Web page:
There is a palpable sense of anticipation in Kabul days before parliamentary elections will be held. Blast walls, billboards and powerline poles are plastered with the campaign posters of the hopeful candidates. With 800 candidates competing for 33 seats in Kabul, winning a seat in the province will be challenge. The possibility of successful electoral process nationally is equally daunting, however, as poor security, delayed preparations and the last-minute introduction of electronic voter verification machines (in a country with spotty electricity) make pulling off a credible vote a real gamble.

Type: Analysis and Commentary

Democracy & Governance; Electoral Violence

Women in Conflict: Advancing Women’s Role in Peace and Security

Women in Conflict: Advancing Women’s Role in Peace and Security

Thursday, June 13, 2019

By: Palwasha L. Kakar

Palwasha Kakar, senior program officer for religion and inclusive societies, testified on June 13 at the Senate Foreign Relations Subcommittee on Western Hemisphere, Transnational Crime, Civilian Security, Democracy, Human Rights, and Global Women’s Issues' hearing on "Women in Conflict: Advancing Women's Role in Peace and Security.” Her expert testimony as prepared is presented below.

Type: Congressional Testimony

Gender; Peace Processes

Progress in Taliban Talks, But ‘Long Way to Go’, says U.S. Envoy

Progress in Taliban Talks, But ‘Long Way to Go’, says U.S. Envoy

Monday, February 11, 2019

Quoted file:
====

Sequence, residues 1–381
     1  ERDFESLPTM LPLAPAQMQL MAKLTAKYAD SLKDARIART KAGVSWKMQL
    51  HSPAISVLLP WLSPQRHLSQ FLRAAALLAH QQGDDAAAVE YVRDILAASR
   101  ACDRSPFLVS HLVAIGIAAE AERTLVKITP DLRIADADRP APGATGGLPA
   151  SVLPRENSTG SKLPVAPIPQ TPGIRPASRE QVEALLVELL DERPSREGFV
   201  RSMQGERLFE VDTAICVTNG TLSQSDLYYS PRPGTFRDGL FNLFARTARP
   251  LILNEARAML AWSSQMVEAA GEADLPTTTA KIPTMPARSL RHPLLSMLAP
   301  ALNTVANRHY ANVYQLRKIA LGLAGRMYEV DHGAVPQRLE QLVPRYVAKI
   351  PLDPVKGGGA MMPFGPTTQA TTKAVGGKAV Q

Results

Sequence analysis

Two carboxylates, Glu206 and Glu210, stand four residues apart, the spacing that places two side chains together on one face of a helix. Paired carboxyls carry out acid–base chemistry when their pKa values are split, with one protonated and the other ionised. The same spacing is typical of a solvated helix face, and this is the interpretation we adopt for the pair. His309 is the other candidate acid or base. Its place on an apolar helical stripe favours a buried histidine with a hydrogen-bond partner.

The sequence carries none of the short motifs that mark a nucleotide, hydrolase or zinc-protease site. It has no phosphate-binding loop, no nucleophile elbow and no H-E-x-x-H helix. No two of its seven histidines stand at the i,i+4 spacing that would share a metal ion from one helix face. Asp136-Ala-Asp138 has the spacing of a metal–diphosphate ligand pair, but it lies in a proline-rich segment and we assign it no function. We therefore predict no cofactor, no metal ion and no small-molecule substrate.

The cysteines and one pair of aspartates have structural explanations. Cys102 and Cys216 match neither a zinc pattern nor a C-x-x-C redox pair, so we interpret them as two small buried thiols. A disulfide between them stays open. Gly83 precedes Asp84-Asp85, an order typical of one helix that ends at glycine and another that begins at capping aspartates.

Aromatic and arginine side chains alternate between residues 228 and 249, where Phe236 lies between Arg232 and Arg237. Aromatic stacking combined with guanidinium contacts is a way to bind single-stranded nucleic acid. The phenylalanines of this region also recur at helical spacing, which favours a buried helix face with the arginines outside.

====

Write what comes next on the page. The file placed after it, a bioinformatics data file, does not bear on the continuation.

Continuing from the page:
By: Adam Gallagher

Amid a series of positive developments in the Afghan peace process over the last year, a framework for negotiations reached between the U.S. and Taliban has renewed hope that the 17 year-old Afghan conflict could come to a close. Led by Special Representative for Afghanistan Reconciliation Zalmay Khalilzad, the U.S. has agreed in principle to a conditional withdraw of U.S. and allied troops in exchange for the Taliban pledging to not allow Afghanistan to be a safe haven for transnational terrorists, like al-Qaida, as well as agreeing to talks that include the Afghan government and a cease-fire. Despite this progress, “We are in the early stages of a protracted process,” Ambassador Khalilzad said at the U.S. Institute of Peace on February 8. “We have a long way to go.”

Type: Analysis and Commentary

Mediation, Negotiation & Dialogue; Peace Processes

Measuring Peace and Violent Extremism

Measuring Peace and Violent Extremism

Friday, March 16, 2018

By: Belquis Ahmadi; Eliza Urwin

Policymakers and practitioners have often engaged in a top-down approach in the design of programs to counter violent extremism in Afghanistan. This top-down approach relies heavily on the insights of religious leaders, elders, politicians, and other elites while failing to incorporate...

Type: Peace Brief

Violent Extremism

Redefining Masculinity in Afghanistan

Redefining Masculinity in Afghanistan

Thursday, February 15, 2018

By: Belquis Ahmadi; Rafiullah Stanikzai

Following more than three decades of political instability, violent conflicts, and foreign invasions, Afghanistan is home to nearly two generations that have grown up knowing only conflict and war. As a result, violent and aggressive behavior—particularly from young men—has become an accepted norm of...

Type: Peace Brief

Gender